a colonnade surrounding it. Most
of these atriums have
A fine example remains at the Basilica
of San Clemente (Rome)
Basilica typical plan. Types of Apse
A, A, apse 1. Semi-circular (Italian)
B,B’, secondary apse 2. Polygonal (German)
C, high altar 3. Square (English)
G, transept 4. Compound (French)
Interior of a basilica at Pompeii
Is a rectangular early
Christian or medieval
church, usually having
a nave with
clerestories, two or four
aisles, one or more
vaulted apses, and a
Monumental form of tomb.
A mausoleum is a house of the dead, although
ii is often as much a symbol as a sepulcher.
This term has been employed for large,
monumental, and stately tombs, usually
erected for distinguished or prominent
individuals. Mauseleum of Costantia (d. 534), featured a taller, domed, central circular
section surrounded by a vaulted ambulatory.
5. Latin cross and Greek cross
Greek cross; Latin cross; rotunda
These terms usually refer to the shape of a church.
A Greek cross church has four arms having the same length.
A Latin cross church has the arm of the entrance longer than the other arms.
Greek cross- the plans of SS. Martina
Rotunda- the plans of S. Bernardo alle
Latin cross plan- building process of S. Pietro in Vaticano
• Timber roofs covered the central nave, and only simple
forms of construction, such as king and queen post
trusses, were employed.
• The narrower side aisles were occasionally vaulted and
• Apse was usually domed and lined with beautiful glass
mosaics, which formed a fitting background to the
330 A.D. TO 1443 A.D. AND
Byzantine was renamed after
its imperial founder
and was inaugurated as the
capital of the Roman Empire
in 330 AD.
This is situated at the junction
of Europe ad Asia, in
addition it was a big centre
of trade and commerce.
Byzantine stood on seven hills.
It is at the junction of Europe and Asia, which are divided by
a narrow strip of water.
This gives the commanding and central position for government to
expand the Roman empire.
It was also at the intersection of two great highways of
commerce- the water highway between black sea and
Mediterranean sea and the trade route between Europe and Asia.
Constantinople had no good building stone there
fore local material such as clay for bricks and
rubble for concrete had to be imported. Marble
was brought from quarries in the island and along
the shores of eastern Mediterranean sea to
The climate was rather Hot, therefore small
windows at high level and few openings were used.
Flat roof in combination with domes and the open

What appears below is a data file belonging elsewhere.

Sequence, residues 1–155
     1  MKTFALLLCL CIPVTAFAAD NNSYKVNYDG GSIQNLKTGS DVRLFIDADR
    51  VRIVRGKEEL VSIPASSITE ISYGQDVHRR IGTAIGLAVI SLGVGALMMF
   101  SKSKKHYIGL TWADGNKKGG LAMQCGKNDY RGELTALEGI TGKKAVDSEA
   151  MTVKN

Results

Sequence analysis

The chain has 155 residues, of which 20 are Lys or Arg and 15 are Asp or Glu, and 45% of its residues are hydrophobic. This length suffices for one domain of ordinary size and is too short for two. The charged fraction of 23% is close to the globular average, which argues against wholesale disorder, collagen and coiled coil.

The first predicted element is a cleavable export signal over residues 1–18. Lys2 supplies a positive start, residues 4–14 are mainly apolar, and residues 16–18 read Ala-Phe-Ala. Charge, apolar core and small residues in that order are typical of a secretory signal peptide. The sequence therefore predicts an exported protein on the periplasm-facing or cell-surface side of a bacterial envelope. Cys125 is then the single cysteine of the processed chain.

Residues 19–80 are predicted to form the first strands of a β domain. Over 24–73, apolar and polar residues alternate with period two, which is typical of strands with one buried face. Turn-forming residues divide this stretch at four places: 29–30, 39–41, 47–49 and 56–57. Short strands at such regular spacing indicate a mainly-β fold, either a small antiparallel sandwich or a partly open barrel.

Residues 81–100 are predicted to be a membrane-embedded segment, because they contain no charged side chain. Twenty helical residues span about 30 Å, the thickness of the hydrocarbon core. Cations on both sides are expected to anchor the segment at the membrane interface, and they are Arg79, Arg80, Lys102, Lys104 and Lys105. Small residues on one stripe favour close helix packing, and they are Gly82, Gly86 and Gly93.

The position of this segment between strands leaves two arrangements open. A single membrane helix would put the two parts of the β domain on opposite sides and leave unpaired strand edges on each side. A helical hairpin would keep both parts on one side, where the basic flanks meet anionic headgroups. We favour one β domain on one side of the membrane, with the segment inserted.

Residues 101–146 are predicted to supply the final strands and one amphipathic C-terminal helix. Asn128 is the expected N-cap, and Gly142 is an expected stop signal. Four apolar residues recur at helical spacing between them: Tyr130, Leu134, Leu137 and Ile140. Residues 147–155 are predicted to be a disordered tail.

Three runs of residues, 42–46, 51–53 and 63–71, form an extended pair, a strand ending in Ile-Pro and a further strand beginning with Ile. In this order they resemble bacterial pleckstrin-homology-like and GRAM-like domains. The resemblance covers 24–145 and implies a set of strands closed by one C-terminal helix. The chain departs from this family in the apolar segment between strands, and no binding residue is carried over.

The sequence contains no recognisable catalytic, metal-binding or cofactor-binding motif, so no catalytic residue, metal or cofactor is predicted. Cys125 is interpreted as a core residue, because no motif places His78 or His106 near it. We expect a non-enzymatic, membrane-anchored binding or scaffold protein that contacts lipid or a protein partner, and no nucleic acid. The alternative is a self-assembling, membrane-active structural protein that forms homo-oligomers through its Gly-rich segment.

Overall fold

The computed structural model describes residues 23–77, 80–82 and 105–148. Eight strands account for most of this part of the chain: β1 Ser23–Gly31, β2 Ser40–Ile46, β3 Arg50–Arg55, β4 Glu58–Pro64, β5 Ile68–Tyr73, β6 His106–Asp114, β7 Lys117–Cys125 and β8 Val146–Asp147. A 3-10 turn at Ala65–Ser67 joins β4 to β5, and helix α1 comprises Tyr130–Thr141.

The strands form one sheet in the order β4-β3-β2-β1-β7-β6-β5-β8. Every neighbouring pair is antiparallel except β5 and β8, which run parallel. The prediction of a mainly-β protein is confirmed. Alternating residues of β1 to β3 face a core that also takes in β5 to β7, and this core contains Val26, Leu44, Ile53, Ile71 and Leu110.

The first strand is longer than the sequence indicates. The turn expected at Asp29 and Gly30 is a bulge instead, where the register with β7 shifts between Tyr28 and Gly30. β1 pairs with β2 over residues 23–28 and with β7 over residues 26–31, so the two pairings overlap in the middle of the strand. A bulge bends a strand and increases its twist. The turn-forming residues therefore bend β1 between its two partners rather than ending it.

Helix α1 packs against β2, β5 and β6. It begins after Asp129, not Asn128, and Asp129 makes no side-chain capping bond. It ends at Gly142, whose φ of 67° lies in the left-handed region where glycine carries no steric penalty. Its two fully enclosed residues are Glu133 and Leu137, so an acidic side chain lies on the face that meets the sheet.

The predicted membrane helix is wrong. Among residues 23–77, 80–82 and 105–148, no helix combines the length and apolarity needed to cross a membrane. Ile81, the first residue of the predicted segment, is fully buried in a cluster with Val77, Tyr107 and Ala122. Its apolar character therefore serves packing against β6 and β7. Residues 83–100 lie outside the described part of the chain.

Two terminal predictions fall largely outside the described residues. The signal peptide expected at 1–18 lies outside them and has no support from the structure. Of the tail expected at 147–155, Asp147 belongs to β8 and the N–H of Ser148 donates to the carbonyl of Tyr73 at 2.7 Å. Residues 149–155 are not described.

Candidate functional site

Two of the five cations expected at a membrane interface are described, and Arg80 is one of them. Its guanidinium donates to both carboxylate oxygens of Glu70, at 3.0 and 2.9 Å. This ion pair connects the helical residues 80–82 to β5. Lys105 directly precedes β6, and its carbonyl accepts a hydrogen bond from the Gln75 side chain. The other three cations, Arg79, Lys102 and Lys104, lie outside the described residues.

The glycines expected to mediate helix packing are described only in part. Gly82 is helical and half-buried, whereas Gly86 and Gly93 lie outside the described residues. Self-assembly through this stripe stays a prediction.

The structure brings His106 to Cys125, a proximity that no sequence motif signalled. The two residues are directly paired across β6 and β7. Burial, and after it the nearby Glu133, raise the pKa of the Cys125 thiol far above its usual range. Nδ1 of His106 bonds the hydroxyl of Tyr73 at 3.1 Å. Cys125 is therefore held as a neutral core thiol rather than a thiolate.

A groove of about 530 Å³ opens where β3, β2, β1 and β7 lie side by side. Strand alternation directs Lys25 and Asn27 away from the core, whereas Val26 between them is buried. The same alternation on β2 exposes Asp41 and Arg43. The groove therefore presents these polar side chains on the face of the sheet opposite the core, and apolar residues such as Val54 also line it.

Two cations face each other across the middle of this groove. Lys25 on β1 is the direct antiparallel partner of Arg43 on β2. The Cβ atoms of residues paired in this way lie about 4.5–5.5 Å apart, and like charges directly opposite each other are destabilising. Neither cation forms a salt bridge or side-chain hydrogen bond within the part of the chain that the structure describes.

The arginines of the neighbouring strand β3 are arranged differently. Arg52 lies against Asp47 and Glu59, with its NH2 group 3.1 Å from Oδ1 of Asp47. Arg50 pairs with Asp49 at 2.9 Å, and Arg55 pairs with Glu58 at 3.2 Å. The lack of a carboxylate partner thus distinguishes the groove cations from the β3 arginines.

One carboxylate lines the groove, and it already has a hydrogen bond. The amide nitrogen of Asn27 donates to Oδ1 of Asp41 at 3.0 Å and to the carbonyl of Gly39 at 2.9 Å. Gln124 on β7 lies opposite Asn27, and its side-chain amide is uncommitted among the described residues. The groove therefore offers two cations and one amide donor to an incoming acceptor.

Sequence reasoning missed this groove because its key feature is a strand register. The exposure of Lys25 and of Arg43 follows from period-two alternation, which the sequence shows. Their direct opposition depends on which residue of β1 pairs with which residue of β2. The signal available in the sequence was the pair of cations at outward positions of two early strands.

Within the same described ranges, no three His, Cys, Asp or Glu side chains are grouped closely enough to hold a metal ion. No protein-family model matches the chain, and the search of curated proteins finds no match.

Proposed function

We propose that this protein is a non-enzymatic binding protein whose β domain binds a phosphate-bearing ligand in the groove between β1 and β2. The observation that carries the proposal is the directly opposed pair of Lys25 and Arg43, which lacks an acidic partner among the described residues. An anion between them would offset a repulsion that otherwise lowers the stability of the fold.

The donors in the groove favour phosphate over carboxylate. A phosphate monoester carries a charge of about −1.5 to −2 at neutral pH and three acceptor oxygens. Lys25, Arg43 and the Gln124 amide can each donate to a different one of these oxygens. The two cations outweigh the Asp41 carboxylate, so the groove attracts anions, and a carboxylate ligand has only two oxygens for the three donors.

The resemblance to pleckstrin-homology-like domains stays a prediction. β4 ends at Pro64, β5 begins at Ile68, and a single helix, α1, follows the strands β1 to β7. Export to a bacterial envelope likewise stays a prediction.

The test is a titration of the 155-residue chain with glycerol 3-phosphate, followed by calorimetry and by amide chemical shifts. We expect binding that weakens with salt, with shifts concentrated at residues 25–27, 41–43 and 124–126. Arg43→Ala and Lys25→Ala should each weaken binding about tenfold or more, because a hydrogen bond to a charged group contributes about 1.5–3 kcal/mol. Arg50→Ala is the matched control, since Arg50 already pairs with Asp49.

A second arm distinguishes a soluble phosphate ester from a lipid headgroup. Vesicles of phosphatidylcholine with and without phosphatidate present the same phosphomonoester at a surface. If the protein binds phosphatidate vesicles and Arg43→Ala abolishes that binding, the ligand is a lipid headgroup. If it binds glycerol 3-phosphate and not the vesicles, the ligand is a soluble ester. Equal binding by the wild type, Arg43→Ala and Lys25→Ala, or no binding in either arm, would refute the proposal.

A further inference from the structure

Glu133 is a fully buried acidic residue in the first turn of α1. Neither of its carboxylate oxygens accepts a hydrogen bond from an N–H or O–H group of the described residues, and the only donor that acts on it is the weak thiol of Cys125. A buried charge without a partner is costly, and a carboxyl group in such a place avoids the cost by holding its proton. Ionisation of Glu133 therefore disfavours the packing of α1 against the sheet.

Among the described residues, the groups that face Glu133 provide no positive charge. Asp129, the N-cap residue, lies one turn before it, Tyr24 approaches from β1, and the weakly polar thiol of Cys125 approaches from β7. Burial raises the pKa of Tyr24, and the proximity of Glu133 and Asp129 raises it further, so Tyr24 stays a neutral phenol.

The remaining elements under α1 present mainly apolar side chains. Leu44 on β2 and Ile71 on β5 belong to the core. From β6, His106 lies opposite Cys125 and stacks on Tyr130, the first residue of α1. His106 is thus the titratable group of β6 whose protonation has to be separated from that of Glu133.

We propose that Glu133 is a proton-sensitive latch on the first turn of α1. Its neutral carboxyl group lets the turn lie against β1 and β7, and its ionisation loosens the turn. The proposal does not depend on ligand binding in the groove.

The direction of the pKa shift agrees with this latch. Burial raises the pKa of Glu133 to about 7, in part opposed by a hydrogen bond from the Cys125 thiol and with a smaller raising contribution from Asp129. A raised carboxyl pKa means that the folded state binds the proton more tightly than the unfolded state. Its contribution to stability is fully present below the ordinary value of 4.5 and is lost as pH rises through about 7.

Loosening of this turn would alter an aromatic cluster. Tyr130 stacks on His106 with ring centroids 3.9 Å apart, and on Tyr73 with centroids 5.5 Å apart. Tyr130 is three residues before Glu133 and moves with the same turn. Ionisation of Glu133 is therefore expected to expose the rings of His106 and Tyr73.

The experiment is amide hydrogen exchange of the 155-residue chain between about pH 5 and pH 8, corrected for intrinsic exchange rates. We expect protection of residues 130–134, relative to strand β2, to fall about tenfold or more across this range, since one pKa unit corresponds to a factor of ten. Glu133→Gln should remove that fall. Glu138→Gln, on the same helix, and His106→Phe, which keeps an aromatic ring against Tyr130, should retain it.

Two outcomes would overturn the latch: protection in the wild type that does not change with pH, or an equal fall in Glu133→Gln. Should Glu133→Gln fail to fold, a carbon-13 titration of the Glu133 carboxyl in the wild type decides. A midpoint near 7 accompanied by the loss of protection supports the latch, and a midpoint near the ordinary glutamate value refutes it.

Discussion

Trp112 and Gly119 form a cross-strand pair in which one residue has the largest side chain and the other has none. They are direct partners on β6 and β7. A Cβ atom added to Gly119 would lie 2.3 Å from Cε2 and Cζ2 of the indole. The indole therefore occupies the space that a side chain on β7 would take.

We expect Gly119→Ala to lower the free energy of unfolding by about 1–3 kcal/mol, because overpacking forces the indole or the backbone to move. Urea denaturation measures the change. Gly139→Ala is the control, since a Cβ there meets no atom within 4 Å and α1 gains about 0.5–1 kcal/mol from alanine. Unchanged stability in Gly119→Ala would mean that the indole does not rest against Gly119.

courtyards surrounded by sheltering arcades
features are predominant.
Constantine established Christianity as the state
religion of Roman Empire and it followed that the
chief erected in byzantine is new capital were
churches for new region.
It represents fusion of oriental and roman classical Architecture.
The massive decoration had its origin in the ‘Babylonian Style’ while dome construction was
incorporated from Rome.
Horizontal lands were introduced the domical roof created an impression of vast
Interiors were decorated with massive glass work.
Use of centrals square plans. On square divisions to accommodate domes for roofing
system is the measure characteristic feature.
Modifications in Basilican plan consisted of
a. Deletion of atrium court
b. Incorporation of Narthex or vestibule as on Basilica of Constantinople
c. Deletion of Belfry towers.
Square plan of the eastern churches were termed as ‘Greek Cross Plans’
The form of eastern churches was mainly characterized faithful correspondence between
internal and external roof profiles.
A smooth profile due to absence of belfry towers, just a position of dome on the sky line
gives the style a distinct character in strong contrast of the spiky profile of early Christian
Externally Byzantine churches were characterized by brick work in courses and marble bands
on the brick walls.
Practice of horizontal bands of marble called striations was introduced.
The structural use of marginal columns made them massive.
A primitive form of dome and the barrel
vault is of great quality.
In some districts vaults were compelled to
built-in stone, brick or mud, because there
was no wood and tools to work.
In all such cases some form of dome or
tunnel vault had to devised for shelter.
In tracing the growth of the dome in
horizontal times, it has been regarded as an
out come of the eastern empire, because it
was at Constantinople and in the byzantine
province that it was employed in
But it was the Romans who in reality
developed the use of dome as of all other
applications of the semicircular arch from
Rome, gets carried to Constantinople and
from the same source different parts of
General facts and features
Hagia Sophia or the church of the holy wisdom is the most accomplished master piece in the
history of architecture
The church was constructed in 532 A.D. by Emperor Justinian in Constantinople now Istanbul